With news that the NBA All-Star game will be moving out of Charlotte and to another destination, the league has put itself in the middle of an arena many companies look to avoid — the political arena. It doesn’t matter which side you are on when it comes to HB2, the NBA has made a choice to stand for what it believes in. That decision does not come lightly. For as many people that applaud the NBA’s decision, there will be another group ready to criticize a sports league for trying to force political change as a corporation. The thing people need to realize is that the NBA probably didn’t make this choice by themselves. This isn’t the league going rogue. It is a decision that had to be discussed — and eventually backed — by media partners and sponsors.
Nothing happens in the world of sports in a vacuum. There are countless stakeholders that need to be taken into account before a decision of this magnitude is executed. That means owners, Turner, Coca-Cola, Adidas, Nike, State Farm, and Anheuser-Busch all were told what was going to happen. It means Michael Jordan and Charlotte ownership was consulted before a decision was made. It means that a lot more companies and people were involved than just Adam Silver and the NBA.
This is the open market and capitalism at its finest. The NBA disagreed with HB2 and instead of just making statements like some other sports, the league actually voted with its dollars. It moved because the NBA has a culture of inclusiveness. Not moving would have gone against the league’s mission statement and made its warnings to North Carolina lawmakers empty threats. The league has the power to act as a catalyst for social change and it did so.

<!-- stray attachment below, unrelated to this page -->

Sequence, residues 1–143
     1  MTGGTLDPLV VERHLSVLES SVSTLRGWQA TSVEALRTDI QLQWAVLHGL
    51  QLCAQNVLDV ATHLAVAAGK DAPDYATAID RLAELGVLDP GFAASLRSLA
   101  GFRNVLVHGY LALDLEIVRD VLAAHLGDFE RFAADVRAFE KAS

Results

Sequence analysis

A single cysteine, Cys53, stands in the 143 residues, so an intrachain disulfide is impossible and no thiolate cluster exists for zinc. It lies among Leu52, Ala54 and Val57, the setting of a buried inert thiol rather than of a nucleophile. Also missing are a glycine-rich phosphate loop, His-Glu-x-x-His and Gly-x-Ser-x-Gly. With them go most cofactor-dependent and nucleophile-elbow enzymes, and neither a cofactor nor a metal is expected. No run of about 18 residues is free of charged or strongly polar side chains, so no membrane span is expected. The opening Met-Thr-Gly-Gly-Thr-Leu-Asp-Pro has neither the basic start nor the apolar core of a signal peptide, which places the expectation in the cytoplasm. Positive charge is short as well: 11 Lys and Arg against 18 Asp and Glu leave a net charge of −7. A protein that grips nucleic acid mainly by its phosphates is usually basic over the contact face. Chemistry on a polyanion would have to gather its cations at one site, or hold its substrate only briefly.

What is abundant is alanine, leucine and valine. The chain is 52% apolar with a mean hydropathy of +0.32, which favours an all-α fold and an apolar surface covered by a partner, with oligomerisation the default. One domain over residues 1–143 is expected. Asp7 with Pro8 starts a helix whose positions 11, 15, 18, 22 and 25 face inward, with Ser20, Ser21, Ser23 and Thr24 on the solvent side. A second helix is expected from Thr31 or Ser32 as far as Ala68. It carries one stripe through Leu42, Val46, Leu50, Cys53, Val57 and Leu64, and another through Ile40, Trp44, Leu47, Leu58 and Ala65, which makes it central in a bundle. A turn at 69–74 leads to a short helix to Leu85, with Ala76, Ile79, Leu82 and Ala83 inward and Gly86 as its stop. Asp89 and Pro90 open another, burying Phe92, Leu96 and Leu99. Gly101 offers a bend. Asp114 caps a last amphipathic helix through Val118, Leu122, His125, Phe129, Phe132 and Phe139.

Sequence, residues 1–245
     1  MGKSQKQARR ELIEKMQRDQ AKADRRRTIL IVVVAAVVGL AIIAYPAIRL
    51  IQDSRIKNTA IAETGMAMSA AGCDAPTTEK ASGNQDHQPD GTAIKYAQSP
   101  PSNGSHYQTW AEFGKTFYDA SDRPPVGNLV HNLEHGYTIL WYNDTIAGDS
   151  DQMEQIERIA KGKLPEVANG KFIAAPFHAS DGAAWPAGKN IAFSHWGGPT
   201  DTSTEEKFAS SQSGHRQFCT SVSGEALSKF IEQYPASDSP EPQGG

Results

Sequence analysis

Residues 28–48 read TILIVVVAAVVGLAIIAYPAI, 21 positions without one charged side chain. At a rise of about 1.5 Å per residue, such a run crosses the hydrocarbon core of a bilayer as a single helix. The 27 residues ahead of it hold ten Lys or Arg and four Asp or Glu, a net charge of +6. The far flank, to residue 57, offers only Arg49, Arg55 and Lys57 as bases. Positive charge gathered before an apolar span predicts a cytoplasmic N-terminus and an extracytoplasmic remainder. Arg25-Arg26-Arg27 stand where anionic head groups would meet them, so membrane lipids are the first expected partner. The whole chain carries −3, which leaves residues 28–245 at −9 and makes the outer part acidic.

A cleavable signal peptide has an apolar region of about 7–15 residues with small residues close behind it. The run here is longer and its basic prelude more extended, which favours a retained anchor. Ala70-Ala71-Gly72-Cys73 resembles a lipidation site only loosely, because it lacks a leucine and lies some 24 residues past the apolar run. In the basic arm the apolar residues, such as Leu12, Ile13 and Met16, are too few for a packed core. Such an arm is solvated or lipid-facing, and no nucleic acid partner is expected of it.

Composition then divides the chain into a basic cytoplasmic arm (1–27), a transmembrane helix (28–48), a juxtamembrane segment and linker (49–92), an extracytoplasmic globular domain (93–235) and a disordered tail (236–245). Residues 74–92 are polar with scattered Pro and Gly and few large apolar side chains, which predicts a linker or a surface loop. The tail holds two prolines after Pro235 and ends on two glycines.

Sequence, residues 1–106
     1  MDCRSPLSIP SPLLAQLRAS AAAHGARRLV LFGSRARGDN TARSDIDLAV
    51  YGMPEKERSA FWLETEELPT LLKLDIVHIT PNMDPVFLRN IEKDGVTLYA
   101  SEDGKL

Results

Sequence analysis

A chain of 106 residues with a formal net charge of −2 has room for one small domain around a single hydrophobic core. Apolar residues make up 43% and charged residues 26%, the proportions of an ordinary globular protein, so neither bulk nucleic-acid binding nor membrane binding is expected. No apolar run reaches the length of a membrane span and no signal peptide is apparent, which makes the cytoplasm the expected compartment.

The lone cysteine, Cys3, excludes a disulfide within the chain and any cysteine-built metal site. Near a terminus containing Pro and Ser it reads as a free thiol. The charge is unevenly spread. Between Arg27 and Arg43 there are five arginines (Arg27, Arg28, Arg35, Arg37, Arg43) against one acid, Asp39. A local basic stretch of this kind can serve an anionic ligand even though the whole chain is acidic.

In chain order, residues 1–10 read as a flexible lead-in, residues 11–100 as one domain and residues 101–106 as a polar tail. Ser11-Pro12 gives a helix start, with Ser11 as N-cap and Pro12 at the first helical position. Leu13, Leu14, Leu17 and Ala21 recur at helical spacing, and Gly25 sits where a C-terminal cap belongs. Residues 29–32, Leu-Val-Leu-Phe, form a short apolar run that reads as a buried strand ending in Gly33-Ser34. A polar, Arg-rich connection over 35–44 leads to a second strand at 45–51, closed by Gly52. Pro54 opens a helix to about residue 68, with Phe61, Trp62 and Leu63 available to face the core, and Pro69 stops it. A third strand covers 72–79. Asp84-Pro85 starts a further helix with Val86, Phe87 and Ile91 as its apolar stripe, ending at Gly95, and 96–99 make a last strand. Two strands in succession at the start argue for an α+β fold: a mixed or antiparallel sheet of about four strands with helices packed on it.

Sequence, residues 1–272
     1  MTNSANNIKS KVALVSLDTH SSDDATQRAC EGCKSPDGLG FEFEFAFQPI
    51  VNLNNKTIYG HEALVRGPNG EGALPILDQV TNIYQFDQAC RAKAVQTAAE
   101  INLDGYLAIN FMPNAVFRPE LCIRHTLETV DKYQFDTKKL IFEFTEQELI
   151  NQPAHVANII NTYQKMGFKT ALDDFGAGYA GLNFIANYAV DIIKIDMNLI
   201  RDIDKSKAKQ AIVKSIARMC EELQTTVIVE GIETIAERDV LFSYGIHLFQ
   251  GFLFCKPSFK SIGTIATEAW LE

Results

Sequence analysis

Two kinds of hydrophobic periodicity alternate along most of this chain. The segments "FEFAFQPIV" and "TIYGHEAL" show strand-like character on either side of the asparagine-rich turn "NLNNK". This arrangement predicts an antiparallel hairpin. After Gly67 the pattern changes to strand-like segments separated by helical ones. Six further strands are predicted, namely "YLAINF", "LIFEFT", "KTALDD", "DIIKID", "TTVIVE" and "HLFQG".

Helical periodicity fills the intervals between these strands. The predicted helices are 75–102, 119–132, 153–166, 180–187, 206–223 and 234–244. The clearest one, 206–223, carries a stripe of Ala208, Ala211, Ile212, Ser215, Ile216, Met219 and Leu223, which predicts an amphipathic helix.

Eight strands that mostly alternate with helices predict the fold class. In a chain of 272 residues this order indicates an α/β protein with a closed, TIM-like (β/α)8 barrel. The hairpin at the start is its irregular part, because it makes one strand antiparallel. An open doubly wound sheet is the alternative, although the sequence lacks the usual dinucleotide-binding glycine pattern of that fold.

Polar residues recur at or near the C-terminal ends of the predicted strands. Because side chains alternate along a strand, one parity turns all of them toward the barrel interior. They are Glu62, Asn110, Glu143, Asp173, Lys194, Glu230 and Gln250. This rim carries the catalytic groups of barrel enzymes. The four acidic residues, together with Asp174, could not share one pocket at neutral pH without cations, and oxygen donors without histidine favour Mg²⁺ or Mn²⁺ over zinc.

That will alienate some fans, but everyone involved — NBA, partners, sponsors etc. — took a look at the situation and decided it was something worth doing. That could have been for social change. It could have been for the bottom line. It also could have been to avoid protests and bad press if the game was held in Charlotte. It is much easier to move the game than have to deal with bad press for months heading up to the league’s celebration weekend. It’s much easier for sponsors if the NBA bears the brunt of the decision. Many sponsors have come out in support of the choice to move the game — Turner, ESPN, and Nike to name a few — but the focus is on the NBA making the final choice.
Nothing is accomplished in the sports world unless there is enough buy-in from stakeholders where the decision makes sense. This probably wasn’t a strictly NBA decision. It is more probable than not everyone involved in the game had a hand in the choice that was made.